|Photo by Stephenson Photography|
I'm losing track of how often I've told my origin story as a serious Prince fan, but here it goes again: I saw Purple Rain for the first time on BET in high school. When I saw him perform "Computer Blue" in the film, I was floored. It was like, 'Oh, this dude can play. He's a rock star!'"
I bought the soundtrack along with his latest album. So imagine a 17-year-old listening to the pop/rock/funk masterpiece Purple Rain and 2001's jazzy, Jehovah's Witness concept album The Rainbow Children back to back.
"That's like going from James Brown to Miles Davis's Bitches Brew or something," said jazz saxophonist and flutist Najee (née Jerome Najee Rasheed). He was introduced to Prince, then going by the unpronounceable symbol, in 1999 by rapper Doug E. Fresh.
"He called me up and he said, 'Yo, the Artist is looking for you,'" Najee said.
Najee went out to Paisley Park and participated in jam sessions, joined the Hit N Run Tour and recorded sax and flute parts for The Rainbow Children.
"I had some room to improvise, but a lot of the melodies were how he heard it," Najee said. "So I would come up with stuff and then he would say, 'Yeah, that's what I want right there.' And then in some cases, he would just sing exactly what it is he wanted."
And if Prince wanted Najee to play a certain arrangement for a show, he'd sometimes play it on guitar and record it on cassette for review. It didn't matter that Prince didn't read music; his pieces were still challenging for Najee, who studied at the New England Conservatory.
"I'd have to write it out because sometimes his stuff was so complex, I couldn't remember all of it," Najee said. "He was a true genius in every sense of the word."
I was especially interested in speaking to Najee about Prince's spirituality, given the saxophonist met Prince at arguably the height of his evangelism for the Jehovah's Witnesses. Just as I talked to keyboardist Matt Fink about the intersection of his Jewish faith with Prince's Christianity, I asked Najee how he received Prince's worldview as a Muslim.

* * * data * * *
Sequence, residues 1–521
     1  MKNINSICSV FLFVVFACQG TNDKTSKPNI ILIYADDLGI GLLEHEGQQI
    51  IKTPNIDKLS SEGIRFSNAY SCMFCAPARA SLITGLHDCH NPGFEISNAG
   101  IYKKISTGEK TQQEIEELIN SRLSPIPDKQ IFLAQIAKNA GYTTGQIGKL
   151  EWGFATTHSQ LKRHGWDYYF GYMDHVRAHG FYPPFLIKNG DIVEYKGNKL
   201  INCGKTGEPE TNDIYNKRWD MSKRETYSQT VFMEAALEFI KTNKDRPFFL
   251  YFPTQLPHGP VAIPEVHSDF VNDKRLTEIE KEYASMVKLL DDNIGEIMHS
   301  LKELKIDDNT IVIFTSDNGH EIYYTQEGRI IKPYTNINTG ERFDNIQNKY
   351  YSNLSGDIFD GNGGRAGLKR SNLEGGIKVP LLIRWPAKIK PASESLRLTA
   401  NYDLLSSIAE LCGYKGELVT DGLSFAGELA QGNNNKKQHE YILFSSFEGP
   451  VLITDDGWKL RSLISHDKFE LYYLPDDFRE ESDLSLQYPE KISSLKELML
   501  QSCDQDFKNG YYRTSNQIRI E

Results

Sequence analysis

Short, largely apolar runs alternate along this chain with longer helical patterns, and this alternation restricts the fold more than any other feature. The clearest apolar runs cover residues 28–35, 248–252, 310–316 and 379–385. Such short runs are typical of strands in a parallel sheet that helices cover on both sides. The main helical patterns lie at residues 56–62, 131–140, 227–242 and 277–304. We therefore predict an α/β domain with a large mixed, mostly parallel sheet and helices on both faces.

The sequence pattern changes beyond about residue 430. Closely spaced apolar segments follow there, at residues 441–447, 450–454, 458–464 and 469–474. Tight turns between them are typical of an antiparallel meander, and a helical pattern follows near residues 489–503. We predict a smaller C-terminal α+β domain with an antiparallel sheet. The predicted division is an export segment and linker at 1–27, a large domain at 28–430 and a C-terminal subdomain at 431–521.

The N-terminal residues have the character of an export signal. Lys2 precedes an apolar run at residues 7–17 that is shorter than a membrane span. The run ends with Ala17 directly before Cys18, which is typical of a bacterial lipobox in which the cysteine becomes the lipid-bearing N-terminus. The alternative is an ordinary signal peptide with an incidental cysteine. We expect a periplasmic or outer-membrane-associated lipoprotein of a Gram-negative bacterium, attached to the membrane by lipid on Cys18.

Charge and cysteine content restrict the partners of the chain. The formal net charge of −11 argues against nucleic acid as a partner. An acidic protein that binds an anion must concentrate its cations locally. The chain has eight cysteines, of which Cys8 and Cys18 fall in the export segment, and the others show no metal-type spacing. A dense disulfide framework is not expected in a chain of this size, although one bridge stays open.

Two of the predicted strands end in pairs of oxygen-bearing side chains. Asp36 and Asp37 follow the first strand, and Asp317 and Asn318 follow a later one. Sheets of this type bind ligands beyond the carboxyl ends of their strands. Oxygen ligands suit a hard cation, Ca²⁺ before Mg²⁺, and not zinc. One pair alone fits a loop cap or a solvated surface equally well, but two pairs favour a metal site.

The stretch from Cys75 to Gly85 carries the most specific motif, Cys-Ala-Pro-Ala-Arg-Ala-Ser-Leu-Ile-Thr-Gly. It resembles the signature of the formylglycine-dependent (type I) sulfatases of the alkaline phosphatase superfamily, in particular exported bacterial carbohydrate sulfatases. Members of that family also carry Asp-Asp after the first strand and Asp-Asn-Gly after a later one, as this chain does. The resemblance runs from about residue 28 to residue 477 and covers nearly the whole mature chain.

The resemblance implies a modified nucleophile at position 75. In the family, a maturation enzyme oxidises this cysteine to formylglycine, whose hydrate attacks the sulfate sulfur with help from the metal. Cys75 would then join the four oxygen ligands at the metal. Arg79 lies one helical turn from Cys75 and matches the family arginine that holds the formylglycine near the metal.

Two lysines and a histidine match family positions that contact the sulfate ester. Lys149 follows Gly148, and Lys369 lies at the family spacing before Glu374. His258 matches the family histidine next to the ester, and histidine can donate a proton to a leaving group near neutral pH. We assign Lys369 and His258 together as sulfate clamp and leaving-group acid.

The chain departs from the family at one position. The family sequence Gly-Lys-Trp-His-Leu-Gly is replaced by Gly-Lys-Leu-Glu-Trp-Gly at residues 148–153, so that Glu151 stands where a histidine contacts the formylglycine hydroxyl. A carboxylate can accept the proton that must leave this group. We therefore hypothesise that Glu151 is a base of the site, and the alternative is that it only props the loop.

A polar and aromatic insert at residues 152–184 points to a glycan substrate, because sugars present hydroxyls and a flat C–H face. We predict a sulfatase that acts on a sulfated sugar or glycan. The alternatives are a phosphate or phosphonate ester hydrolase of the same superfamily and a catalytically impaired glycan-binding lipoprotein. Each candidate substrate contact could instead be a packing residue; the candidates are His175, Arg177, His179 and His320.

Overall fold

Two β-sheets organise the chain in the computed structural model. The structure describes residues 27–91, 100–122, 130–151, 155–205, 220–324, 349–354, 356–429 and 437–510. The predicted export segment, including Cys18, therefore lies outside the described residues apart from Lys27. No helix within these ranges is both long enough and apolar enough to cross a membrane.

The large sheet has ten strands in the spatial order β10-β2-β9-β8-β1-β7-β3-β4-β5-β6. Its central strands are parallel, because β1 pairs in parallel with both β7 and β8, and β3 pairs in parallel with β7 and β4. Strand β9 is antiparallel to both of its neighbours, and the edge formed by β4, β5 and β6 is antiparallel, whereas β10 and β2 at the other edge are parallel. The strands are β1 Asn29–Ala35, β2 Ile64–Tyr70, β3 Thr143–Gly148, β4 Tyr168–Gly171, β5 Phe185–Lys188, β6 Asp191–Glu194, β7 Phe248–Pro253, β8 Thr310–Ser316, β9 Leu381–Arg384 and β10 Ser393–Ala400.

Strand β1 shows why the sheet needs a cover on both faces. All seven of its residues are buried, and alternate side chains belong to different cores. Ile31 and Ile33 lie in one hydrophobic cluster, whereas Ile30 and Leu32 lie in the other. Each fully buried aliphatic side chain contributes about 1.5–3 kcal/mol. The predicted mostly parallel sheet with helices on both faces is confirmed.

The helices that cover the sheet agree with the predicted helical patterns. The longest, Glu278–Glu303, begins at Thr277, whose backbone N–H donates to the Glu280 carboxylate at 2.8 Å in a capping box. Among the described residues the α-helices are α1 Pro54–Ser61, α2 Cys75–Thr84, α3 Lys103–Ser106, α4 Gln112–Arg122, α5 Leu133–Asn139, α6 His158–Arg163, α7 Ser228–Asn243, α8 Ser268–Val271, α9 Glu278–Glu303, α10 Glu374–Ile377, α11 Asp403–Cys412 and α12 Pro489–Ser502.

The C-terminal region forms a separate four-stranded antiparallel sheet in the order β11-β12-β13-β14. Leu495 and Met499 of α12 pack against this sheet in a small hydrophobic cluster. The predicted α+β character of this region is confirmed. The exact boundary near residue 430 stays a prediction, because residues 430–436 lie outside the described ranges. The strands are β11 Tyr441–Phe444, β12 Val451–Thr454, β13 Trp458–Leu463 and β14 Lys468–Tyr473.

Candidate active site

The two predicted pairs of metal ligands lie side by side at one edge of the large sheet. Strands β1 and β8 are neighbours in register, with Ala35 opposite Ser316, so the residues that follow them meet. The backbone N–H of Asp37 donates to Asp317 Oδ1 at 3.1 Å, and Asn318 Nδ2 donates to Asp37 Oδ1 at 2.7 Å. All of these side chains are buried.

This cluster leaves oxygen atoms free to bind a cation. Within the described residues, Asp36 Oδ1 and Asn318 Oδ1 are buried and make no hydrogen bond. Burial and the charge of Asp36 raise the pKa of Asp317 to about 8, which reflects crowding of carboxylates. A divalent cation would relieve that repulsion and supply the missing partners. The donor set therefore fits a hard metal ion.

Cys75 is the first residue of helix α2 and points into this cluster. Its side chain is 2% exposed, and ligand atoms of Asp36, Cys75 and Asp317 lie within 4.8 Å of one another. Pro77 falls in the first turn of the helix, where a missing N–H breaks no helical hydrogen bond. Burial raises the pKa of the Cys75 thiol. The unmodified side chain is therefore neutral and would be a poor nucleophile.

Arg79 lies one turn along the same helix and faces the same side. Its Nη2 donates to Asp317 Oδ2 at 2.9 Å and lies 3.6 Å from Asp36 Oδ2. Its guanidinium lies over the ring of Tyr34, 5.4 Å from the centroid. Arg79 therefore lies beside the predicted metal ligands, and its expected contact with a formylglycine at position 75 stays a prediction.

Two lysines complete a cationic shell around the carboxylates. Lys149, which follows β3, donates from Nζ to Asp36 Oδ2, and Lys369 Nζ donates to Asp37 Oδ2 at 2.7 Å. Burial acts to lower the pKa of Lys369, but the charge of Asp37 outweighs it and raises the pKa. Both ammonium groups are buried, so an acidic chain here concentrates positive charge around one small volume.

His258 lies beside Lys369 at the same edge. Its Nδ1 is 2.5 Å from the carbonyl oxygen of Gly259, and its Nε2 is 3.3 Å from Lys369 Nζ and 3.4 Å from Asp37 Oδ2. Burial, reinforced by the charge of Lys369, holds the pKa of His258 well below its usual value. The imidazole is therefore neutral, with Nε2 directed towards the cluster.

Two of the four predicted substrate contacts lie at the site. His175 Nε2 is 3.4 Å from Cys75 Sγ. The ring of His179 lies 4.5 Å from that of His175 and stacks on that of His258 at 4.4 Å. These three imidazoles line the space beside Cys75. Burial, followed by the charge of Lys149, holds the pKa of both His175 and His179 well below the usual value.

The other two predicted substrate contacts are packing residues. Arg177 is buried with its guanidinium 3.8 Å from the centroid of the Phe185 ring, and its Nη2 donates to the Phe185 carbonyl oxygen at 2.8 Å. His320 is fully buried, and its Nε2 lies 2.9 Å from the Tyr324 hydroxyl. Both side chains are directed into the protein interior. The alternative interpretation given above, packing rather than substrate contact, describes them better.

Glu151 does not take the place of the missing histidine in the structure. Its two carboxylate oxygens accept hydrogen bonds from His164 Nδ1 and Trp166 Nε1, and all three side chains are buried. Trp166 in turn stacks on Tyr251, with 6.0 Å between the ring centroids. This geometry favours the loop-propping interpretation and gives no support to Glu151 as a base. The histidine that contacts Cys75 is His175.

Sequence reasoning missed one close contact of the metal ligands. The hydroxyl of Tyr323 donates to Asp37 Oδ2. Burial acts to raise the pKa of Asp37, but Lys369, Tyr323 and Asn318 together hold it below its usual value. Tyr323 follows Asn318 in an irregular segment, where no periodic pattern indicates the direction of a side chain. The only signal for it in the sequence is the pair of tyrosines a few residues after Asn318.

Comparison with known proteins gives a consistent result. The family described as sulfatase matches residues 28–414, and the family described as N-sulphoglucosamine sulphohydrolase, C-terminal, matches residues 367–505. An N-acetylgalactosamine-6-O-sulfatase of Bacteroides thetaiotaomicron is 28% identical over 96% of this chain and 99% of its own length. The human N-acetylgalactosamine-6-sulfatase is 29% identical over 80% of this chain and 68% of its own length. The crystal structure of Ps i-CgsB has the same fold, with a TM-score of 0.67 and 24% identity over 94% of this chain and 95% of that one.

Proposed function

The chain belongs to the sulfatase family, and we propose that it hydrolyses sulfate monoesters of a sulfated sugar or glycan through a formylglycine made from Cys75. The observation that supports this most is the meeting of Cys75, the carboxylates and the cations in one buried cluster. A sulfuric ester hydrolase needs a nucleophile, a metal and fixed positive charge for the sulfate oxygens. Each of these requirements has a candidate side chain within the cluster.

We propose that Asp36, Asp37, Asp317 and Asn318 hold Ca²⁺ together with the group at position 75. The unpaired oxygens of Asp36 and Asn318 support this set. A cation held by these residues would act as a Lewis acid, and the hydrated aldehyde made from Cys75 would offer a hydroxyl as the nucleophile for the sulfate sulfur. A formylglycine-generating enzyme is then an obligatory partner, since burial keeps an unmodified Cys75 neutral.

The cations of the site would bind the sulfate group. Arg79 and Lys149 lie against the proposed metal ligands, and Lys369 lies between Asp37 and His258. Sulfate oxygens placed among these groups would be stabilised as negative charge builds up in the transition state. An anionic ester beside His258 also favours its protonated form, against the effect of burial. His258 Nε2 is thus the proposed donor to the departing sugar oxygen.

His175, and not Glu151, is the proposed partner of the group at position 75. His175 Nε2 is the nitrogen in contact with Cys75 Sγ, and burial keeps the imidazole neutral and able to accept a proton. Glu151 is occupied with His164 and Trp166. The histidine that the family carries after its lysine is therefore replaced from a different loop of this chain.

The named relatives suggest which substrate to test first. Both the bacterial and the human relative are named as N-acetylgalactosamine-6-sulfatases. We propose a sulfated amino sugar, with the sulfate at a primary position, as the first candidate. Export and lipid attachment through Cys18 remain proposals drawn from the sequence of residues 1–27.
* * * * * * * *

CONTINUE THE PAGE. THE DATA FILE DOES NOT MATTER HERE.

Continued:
"At the end of all our conversations, there was always a learning experience," Najee said. "We always found a commonality."
Not everyone was able to connect to The Rainbow Children, which was a marked shift in both messaging and musical direction. Rolling Stone doled out just two-and-a-half stars, while Spin magazine derided the project as "dirt-free, melody-free, jazz Olestra."
"A lot of people were either with it or they weren't," Najee said. "Of course, live, the music always came off. It was just always dope."
Najee played on select dates of the 2002 One Nite Alone Tour (he rotated with saxophonists Candy Dulfer and Maceo Parker). He flirted with the idea of recording an album with Prince before moving on. He last saw Prince around 2007.
Though they only collaborated for a few years, Najee has a wealth of funny and touching stories, many of which he graciously shared with me (I'll include them in the book). One especially stands out to me.
Najee recalled a time when his 11-year-old son was watching one of his sound checks with Prince.
"He's standing right next to Prince, watching him play the guitar. ... And he's asking questions," Najee said.
Embarrassed, Najee told his son not to disrupt.
"Prince checked me," Najee said. "He said, 'He's all right. Leave him alone.' And Prince literally shut down the sound check to talk to my son."
"These are the stories people never would know," Najee said. "I gained a better appreciation for him as a person."
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